The trailer park had good news too - it is no longer for sale, which had concerned not only park residents but Cortez residents, who had predicted a large residential condominium development on the waterfront site.

Upcoming events in Cortez include the 25th Annual Cortez Commercial Fishing Festival and the publication of a new cookbook, both in February, the renovation of the Bratton store at its new location and the ongoing collection of photographs and memorabilia for the maritime museum. For more information, call 708-6121.

 

 

Hiaasen�s latest another winner

By Laurie Krosney
sun staff writer

The newest Carl Hiaasen is out, flying off the shelves to a lot of buzz.

"Nature Girl" is a bit smoother than Hiaasen's previous novels. The satire seems more sophisticated, less raucous. The characters are whacky, as usual, but they are more finely drawn and seem to have more humanity.

Take, for example, Honey Santana. She wants terribly to reform Boyd Shreave, a rude and obnoxious telemarketer who phones her one evening at dinnertime to sell her some land in Florida. It's the rudeness that has Honey furious.

Shreave is obnoxious in an over-the-top way that Hiaasen has made his signature.

Honey concocts a scheme to bring Shreave to Florida. She's going to take him on an eco-tour of the Everglades to show him the beauty of nature. This will surely make a better person of him, Honey just knows, and that will result in a kinder, friendlier, more thoughtful world.

Honey is clinically crazy and an altogether sympathetic character, as Hiaasen's heroes and heroines usually are.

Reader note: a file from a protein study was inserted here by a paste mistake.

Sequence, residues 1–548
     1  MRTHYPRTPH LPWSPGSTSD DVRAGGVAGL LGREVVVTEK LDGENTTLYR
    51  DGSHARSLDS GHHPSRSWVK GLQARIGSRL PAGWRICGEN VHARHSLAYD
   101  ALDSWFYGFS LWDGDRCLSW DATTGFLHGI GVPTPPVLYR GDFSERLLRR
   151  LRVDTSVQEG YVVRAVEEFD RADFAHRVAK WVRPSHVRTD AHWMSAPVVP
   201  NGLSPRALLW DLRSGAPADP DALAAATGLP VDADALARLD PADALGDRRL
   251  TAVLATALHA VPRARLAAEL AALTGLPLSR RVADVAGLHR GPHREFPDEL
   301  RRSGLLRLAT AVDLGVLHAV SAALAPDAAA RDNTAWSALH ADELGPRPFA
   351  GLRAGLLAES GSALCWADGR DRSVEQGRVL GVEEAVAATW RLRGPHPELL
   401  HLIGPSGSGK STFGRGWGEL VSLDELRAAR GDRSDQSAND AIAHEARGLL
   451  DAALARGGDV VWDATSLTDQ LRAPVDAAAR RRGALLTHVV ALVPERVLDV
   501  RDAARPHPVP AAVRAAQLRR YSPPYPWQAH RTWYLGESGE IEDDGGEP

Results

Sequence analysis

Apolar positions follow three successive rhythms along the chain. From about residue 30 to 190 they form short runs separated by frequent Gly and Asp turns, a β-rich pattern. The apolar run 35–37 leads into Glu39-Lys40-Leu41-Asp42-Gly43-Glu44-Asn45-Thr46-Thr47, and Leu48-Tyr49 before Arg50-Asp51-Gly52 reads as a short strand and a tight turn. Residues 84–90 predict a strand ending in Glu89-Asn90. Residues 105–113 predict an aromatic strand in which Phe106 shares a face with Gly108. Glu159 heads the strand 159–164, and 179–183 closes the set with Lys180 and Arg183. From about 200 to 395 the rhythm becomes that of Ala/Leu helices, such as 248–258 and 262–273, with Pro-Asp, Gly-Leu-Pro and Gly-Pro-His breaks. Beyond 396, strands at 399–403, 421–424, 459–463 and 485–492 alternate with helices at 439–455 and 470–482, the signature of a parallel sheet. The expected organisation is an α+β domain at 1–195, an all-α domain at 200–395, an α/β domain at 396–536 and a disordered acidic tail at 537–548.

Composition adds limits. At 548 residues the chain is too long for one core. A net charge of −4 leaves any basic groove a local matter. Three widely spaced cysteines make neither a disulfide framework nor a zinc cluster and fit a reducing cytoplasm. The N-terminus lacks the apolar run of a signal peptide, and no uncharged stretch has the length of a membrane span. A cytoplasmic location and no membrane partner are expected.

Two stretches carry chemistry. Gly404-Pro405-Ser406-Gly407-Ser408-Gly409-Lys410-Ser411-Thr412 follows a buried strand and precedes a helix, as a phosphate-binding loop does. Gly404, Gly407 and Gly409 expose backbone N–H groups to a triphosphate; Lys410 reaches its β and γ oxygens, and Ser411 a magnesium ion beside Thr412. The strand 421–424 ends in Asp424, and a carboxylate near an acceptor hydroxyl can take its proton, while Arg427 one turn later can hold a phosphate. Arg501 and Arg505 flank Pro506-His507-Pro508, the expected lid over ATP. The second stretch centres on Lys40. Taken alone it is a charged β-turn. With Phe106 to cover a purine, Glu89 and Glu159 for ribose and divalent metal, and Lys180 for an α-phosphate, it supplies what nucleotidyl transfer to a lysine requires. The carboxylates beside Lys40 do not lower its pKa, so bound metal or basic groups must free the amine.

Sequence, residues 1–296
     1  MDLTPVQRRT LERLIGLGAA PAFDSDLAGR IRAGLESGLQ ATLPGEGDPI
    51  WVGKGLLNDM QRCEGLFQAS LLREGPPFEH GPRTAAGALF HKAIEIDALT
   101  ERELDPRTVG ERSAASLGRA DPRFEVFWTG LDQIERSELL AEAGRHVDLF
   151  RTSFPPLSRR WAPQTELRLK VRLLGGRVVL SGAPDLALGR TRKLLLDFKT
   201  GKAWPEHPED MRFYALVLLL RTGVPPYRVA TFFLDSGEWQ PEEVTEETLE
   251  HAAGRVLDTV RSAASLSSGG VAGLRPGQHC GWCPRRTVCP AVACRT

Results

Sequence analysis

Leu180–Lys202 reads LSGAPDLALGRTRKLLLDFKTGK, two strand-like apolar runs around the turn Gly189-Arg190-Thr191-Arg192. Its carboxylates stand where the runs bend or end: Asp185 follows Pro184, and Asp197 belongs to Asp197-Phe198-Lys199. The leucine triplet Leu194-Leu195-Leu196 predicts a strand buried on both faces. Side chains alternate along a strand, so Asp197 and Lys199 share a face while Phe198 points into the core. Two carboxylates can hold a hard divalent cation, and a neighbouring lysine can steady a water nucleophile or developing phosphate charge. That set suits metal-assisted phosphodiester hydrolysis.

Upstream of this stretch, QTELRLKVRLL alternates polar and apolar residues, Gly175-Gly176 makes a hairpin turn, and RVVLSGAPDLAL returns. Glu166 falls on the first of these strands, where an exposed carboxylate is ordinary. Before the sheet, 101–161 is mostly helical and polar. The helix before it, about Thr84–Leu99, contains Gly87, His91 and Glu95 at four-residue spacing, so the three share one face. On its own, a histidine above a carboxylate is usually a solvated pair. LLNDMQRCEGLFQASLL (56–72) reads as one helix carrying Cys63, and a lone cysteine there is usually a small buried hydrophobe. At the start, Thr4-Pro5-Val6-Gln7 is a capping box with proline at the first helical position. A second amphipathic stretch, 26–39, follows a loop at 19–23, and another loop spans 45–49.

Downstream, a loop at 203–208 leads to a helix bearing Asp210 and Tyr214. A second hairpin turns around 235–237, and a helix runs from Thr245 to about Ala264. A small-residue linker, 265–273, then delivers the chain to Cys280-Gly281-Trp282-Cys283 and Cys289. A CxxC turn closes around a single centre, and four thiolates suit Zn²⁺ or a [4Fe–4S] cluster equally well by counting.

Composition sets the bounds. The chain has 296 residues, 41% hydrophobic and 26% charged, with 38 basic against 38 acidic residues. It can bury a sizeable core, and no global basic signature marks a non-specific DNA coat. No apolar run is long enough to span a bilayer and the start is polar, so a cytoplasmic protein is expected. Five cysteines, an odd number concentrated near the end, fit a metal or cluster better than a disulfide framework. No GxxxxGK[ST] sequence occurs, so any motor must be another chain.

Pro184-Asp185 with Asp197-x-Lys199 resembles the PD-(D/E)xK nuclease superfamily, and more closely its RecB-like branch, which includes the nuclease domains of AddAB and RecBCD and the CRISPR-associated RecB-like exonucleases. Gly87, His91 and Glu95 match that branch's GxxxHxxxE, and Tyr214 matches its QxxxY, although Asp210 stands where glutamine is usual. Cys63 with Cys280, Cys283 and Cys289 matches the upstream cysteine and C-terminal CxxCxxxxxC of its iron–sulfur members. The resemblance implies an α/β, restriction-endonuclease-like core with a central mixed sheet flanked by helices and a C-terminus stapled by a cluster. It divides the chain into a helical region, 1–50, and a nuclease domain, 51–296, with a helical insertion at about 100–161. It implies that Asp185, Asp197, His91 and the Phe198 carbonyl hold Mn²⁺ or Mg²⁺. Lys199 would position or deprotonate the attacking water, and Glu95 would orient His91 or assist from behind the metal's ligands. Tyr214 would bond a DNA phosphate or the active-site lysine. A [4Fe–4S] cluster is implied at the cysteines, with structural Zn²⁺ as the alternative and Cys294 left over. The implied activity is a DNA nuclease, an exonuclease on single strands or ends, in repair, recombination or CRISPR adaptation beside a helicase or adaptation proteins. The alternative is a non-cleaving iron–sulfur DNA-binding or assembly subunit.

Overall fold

She wants to make the world a better place, especially for her son.

In "Nature Girl," Shreave, awful as he is, is filled out with a background, a childhood, a dreadful mother and greed. He's more multi-dimensional than Hiaasen's bad guys usually are. Don't get me wrong; he's lazy, obnoxious, narcissistic and thoroughly disgusting. But he's not as two-dimensional as some of the characters in Hiaasen's earlier novels - the bad guys in "Lucky You" for example.

Then there's Sammy Tigertail, a half white-half Seminole who spent half of his childhood in the white world with his father and is finishing his growing up among his mother's people. He's failed at alligator wrestling. He's now taking tourists around the Everglades on airboat tours.

His first client, Wilson, drunk from his foray into the casino, is about as slapstick a caricature as one would expect from a Hiaasen book.

When a small snake drops onto him from overhead and he dies from a heart attack, Sammy decides it will look bad to come back from his first trip with a dead client. He goes through Wilson's pockets.